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Tax lessons from an indicted millionaire for the rest of us

John David McAfee twitter account banner image
John McAfee's banner image on his Twitter account.

If you've waiting until the upcoming October extension deadline to file, chances are you wanted the extra time to ensure that you got your filing right.

That's smart. Making mistakes or overlooking tax breaks could cost you, not only money but also time if you end up having to answer Internal Revenue Service questions about your filing.

And when an audit — or examination as the IRS likes to call the process — definitely doesn't go your way, you could end up in more trouble.

That's what happened to John David McAfee. Yes, the guy whose name is on the computer antivirus software (although he sold the company in 2010 to Intel) and who's now known, among other things, for his promotion of cryptocurrency and taunting of the IRS.

 

Major tax challenges lead to charges: Federal prosecutors unsealed an indictment earlier this month against McAfee that charges him with evading taxes and willfully failing to file tax returns from 2014 to 2018 despite making millions during that time.

That rich people sometimes (OK, often) push the tax envelope is no surprise. Even we regular taxpayers occasionally get aggressive on our 1040 forms.

Regardless of financial status, it's generally not a good idea to challenge the IRS — which McAfee literally did in a video! — unless you're certain you can prove your tax claims.

If you can't, and remember that the burden is on you to convince the IRS that your filings are legit, you'll likely end up owing the taxes you thought you were escaping, along with beaucoup penalties and interest.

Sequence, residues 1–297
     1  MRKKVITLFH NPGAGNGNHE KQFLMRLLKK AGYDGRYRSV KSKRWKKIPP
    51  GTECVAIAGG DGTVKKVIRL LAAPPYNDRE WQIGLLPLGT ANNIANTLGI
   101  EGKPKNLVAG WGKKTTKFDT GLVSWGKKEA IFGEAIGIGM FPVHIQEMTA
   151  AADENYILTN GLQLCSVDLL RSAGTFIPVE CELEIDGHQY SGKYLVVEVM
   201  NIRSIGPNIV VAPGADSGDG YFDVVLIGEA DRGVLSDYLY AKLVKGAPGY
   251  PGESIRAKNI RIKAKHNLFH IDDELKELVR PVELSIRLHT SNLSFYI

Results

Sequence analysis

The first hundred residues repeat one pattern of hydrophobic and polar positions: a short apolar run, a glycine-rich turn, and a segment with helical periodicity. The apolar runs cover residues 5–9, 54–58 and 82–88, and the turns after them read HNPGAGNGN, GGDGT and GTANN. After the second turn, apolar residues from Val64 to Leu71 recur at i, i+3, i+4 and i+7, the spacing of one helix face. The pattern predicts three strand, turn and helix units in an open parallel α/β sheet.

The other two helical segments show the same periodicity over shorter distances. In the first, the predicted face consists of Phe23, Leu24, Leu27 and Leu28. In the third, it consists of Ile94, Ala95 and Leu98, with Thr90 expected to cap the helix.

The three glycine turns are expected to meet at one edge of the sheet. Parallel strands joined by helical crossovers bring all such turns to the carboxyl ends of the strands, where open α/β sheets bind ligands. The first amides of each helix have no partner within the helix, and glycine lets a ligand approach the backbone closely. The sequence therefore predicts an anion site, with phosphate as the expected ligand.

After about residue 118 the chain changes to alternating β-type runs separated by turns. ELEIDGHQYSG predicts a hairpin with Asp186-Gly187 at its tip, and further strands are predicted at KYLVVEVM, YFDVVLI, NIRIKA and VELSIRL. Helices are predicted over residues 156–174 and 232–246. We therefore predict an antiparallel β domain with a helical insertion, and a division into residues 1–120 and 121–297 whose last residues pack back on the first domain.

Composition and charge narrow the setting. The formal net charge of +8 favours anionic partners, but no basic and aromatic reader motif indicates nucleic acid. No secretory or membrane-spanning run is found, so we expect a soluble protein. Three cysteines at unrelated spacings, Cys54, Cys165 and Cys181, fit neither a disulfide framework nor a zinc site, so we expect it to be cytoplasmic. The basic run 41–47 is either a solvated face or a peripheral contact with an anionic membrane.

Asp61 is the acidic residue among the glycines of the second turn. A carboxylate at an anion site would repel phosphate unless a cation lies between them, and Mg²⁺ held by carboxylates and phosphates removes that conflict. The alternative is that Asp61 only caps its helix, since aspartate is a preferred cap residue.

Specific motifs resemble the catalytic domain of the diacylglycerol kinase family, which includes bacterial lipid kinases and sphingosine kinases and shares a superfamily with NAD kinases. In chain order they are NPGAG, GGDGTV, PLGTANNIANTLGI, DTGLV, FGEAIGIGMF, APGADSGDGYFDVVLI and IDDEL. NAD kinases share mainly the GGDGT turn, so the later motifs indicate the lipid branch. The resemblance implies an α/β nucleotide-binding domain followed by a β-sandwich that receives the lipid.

Tax lessons from the rich and indicted: To avoid ending up in tax trouble like McAfee, tax attorney Robert Wood, managing partner at Wood LLP in San Francisco, looked at what the ostensible millionaire's case can teach us about taxes.

His Forbes column, 7 IRS Tax Lessons From John McAfee's Tax Evasion Indictment, is this weekend's Saturday Shout Out.

I'll let you read it at your leisure, but since as noted at the start of this post a tax filing deadline is imminent, I'll pass along part of Wood's first lesson:

Report your income, and always file. You must file a tax return each year with the IRS if your income is over the requisite level. Don’t forget, and don’t be late either, even if you can’t pay what you owe. File anyway, and you can work out payments later.

That's good advice at any tax deadline time. It's even more important as the absolutely final filing due date nears.

So enjoy Wood's tax tips and then get to work on your extended filing! The posts below could help.

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